And I'm stuck in this place, with my 'learning' and 'turning,'
YOU try to rhyme "Neoconservative Thatcherism."

Friday, June 03, 2005

Damn it all, Yertle, you've done it again.
A clever deceiver, I'll admit, you might win.
A frigtening place in a frightening time,
How many days are YOU asked for spare dimes?
Progress, it seems, has many a face,
Some giggle and chuckle, some smirk in distaste.
So many riches, all around you each day,
But you, O dear reader, best not stand in their way.
On the State of our Union, I have ... many things to say,
But read this text first, and without delay.


On the far-away island of Sala-ma-Sond,
Yertle the Turtle was king of the pond.
A nice little pond. It was clean. It was neat.
The water was warm. There was plenty to eat.
The turtles had everything turtles might need.
And they were all happy. Quite happy indeed.

They were... until Yertle, the king of them all,
Decided the kingdom he ruled was too small.
"I'm ruler", said Yertle, "of all that I see.
But I don't see enough. That's the trouble with me.
With this stone for a throne, I look down on my pond
But I cannot look down on the places beyond.
This throne that I sit on is too, too low down.
It ought to be higher!" he said with a frown.
"If I could sit high, how much greater I'd be!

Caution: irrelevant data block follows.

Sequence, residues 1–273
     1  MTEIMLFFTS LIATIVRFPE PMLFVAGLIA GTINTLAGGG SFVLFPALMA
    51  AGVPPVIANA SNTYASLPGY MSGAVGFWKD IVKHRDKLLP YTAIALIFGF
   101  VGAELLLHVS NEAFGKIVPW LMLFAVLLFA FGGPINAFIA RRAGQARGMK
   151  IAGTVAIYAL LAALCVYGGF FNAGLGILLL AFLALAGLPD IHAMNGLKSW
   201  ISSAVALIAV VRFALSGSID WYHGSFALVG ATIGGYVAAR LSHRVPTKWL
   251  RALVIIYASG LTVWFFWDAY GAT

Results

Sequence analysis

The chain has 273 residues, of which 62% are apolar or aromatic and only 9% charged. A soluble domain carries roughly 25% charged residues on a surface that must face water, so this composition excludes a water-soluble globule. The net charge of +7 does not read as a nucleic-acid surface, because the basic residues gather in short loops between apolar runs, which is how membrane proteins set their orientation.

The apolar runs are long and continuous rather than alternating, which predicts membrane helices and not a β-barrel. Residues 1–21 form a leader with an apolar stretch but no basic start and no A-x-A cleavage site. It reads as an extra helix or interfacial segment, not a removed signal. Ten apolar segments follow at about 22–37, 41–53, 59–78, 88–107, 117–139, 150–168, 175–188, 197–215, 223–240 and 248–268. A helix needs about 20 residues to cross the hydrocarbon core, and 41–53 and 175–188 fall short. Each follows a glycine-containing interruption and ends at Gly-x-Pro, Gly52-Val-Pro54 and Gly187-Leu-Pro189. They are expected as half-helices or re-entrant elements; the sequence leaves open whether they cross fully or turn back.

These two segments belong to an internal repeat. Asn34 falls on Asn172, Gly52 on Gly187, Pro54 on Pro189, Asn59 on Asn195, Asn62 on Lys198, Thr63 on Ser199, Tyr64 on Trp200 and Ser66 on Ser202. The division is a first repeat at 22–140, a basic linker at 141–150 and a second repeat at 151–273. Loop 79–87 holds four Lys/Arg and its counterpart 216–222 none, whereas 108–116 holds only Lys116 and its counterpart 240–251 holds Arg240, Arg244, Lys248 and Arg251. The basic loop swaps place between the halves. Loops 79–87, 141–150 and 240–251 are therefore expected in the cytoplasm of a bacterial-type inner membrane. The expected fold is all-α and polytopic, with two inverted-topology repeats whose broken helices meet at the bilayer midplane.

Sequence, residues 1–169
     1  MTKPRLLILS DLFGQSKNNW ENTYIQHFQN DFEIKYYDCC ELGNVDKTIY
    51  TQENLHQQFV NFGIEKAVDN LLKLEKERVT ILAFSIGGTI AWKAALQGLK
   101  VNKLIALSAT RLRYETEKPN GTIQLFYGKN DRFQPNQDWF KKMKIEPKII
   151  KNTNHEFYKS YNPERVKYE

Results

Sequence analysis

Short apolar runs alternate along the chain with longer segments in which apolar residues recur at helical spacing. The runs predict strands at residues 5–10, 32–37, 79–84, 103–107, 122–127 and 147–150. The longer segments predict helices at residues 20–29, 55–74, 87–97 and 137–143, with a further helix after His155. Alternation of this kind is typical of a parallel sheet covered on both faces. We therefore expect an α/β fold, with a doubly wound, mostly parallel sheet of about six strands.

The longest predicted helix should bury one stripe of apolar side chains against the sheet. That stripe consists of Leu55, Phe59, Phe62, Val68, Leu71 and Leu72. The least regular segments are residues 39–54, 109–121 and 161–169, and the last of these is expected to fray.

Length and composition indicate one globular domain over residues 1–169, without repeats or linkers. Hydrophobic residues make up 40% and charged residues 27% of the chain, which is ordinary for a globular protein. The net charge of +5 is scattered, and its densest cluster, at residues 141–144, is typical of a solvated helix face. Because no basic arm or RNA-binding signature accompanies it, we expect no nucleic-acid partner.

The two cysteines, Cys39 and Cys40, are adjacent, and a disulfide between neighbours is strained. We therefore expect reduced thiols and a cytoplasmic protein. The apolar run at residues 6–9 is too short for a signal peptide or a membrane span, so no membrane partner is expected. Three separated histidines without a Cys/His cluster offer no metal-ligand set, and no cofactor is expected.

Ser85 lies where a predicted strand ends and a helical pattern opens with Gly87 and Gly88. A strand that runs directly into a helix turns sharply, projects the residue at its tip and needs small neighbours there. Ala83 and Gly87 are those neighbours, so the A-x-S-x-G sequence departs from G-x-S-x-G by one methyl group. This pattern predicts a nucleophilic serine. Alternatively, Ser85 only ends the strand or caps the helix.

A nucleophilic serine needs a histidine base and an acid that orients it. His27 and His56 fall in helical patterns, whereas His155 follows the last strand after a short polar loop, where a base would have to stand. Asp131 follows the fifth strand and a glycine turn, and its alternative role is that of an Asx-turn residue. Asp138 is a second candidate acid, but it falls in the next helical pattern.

What a king! I'd be ruler of all that I see!"

And Yertle, the Turtle King, gave a command.
He ordered nine turtles to swim to his stone
And, using these turtles, he built a new throne.
He made each turtle stand on another one's back
And he piled them all up in a nine-turtle stack.
And then Yertle climbed up. He sat down on the pile.
What a wonderful view! He could see 'most a mile!

"All mine!" Yertle cried. "Oh, the things I now rule!
I'm the king of a cow! And I'm the king of a mule!
I'm the king of a house! And, what's more, beyond that
I'm the king of a blueberry bush and a cat!
I'm Yertle the Turtle! Oh, marvelous me!
For I am the ruler of all that I see!"

And all through the morning, he sat up there high
Saying over and over, "A great king am I!"
Until 'long about noon. Then he heard a faint sigh.
"What's that?" snapped the king,and he looked down the stack.
And he saw, at the bottom, a turtle named Mack.
Just a part of his throne. And this plain little turtle
Looked up and he said, "Beg your pardon, King Yertle.
I've pains in my back and my shoulders and knees.
How long must we stand here, Your Majesty, please?"

"SILENCE!" the King of the Turtles barked back.
"I'm king, and you're only a turtle named Mack."

"You stay in your place while I sit here and rule.
I'm the king of a cow! And I'm the king of a mule!
I'm the king of a house! And a bush! And a cat!
But that isn't all. I'll do better than that!
My throne shall be higher!" his royal voice thundered,
"So pile up more turtles! I want 'bout two hundred!"

"Turtles! More turtles!" he bellowed and brayed.
And the turtles 'way down in the pond were afraid.
They trembled. They shook. But they came. They obeyed.
From all over the pond, they came swimming by dozens.
Whole families of turtles, with uncles and cousins.
And all of them stepped on the head of poor Mack.
One after another, they climbed up the stack.